“When we first arrive in these villages, many of the women are frightened and suspicious of us. But after many times, over several visits, we get to know one another and they begin to see that they can have a place in the ministry of the church.” These were the words of a young indigenous woman named Norma Ico. Norma is one of the leaders of the Presbiterial (woman’s association) of the Polochic Q’eqchí Presbytery in North Central Guatemala. She was sharing with a visiting delegation from their U.S. partner presbytery, the Presbytery of the Inland Northwest.
Norma told about young indigenous women who travel two by two to remote and isolated villages with limited resources and not much more than basic theological training. This would be a daunting task for anyone, but for these women there are additional challenges for their safety as well as their ability to be accepted into close-knit and suspicious mountain communities. But still they go. They find their way to these places and do what they can to connect with women in situations of remoteness and poverty that make them marginalized among the most marginalized people in the country. And they’re making an impact.Continue reading
A letter from Tom and Judy Harvey serving in England
Thanksgiving 2014 - Family Matters
Dear Friends and Partners in Mission,
Thanksgiving and Christmas are times when families gather to celebrate God’s good provision and the birth of Christ. Naturally this can get a bit complicated with mission families spread as we are around the world, but this year we are excited to be able to travel back to the U.S.A. to visit friends, family and churches in California, New Mexico, North Carolina, Virginia, Georgia, Tennessee and South Carolina. We will begin on the West Coast for November and December and then make our way to the Southeast.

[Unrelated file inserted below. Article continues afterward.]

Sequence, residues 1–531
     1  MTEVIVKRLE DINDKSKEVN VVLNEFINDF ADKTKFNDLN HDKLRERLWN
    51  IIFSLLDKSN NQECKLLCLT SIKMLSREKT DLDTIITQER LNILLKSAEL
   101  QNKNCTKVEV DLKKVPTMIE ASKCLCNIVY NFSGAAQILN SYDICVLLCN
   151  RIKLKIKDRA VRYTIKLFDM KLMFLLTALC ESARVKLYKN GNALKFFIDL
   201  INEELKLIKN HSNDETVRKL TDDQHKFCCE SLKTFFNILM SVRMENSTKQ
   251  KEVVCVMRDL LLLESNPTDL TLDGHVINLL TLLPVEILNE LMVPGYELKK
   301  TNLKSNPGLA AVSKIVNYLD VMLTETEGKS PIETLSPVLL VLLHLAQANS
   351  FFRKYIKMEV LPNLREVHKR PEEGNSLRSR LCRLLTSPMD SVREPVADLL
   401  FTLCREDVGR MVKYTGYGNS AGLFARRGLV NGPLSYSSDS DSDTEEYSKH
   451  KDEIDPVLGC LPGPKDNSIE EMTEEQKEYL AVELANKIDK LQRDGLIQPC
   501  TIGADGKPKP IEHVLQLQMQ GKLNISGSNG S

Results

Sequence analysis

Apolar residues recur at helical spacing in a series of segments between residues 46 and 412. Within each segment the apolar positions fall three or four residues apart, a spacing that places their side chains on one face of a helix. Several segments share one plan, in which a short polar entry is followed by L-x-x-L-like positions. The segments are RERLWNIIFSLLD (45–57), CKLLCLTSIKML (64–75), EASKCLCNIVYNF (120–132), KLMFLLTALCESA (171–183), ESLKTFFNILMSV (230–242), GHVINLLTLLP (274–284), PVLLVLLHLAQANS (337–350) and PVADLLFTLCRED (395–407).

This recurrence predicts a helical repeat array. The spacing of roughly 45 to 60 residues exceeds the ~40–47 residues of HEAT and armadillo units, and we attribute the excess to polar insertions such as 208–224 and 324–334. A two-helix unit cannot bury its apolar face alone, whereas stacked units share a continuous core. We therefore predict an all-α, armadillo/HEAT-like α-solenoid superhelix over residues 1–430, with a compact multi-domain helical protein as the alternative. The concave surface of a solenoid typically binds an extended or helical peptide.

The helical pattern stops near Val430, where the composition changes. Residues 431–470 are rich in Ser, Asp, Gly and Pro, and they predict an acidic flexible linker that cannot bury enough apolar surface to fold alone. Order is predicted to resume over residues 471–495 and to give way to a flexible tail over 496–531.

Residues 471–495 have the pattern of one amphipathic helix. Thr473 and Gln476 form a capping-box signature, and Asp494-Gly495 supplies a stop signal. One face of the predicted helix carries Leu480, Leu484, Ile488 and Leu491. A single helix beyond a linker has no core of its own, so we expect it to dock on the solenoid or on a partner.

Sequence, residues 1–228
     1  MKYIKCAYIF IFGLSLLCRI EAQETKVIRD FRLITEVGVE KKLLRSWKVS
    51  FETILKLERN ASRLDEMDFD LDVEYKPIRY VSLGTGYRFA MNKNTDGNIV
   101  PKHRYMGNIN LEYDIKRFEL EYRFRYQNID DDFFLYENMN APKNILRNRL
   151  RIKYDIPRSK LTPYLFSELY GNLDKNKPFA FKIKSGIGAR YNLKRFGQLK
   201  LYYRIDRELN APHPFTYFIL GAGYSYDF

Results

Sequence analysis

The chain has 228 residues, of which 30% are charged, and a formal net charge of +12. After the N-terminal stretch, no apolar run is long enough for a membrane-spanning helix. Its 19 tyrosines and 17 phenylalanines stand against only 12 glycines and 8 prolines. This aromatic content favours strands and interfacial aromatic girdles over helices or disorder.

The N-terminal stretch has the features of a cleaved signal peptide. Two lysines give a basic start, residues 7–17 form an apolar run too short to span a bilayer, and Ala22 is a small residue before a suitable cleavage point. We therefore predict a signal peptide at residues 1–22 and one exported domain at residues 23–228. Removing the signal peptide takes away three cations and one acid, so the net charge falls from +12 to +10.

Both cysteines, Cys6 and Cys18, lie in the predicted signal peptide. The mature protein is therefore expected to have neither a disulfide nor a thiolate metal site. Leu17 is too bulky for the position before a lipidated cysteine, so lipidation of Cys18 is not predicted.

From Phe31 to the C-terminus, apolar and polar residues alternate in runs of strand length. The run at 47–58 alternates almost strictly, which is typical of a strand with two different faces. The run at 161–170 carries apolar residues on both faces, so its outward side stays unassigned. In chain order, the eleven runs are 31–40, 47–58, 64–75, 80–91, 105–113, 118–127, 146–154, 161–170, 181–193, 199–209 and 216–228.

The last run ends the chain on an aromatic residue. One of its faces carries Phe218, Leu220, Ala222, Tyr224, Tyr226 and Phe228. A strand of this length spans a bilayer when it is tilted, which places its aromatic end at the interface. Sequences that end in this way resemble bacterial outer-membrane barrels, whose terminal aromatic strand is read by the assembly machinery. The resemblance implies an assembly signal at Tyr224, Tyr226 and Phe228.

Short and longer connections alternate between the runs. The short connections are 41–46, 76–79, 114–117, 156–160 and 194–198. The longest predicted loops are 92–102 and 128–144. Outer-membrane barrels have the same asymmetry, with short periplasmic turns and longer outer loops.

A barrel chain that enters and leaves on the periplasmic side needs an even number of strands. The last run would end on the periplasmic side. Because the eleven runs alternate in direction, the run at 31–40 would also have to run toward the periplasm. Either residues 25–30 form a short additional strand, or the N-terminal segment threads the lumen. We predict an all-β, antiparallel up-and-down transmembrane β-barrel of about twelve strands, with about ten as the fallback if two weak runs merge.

Celebrating the holidays back home will be particularly special this year. When we first went overseas in mission our son Joe was 2 months old. Joe has just announced his engagement to Susan Gayk, who is a nurse at the Duke University Hospitals and a native of Tennessee. Joe and Susan will be married in Durham, North Carolina, in April in the Sarah P. Duke Gardens, and so we are looking forward to a beautiful spring wedding. We have been perfecting our Waltz, Quickstep, Argentine Tango, Cha Cha Cha and Salsa. We want to be ready for the big day.
A letter from Marta Bennett serving in Kenya
September 30, 2014 - A Kenyan Wedding
“I’m very happy to introduce to you this morning one I call my sister-in-law,” stated Dr. Faustin Ntamushobora as he introduced me as the guest instructor to a D.Min. class at a nearby university last week. I looked at him slightly surprised, but with a smile of remembrance. Yes, indeed, I am directly related by blood to his wife, and thus to this wonderful Rwandese family I have known for almost 20 years.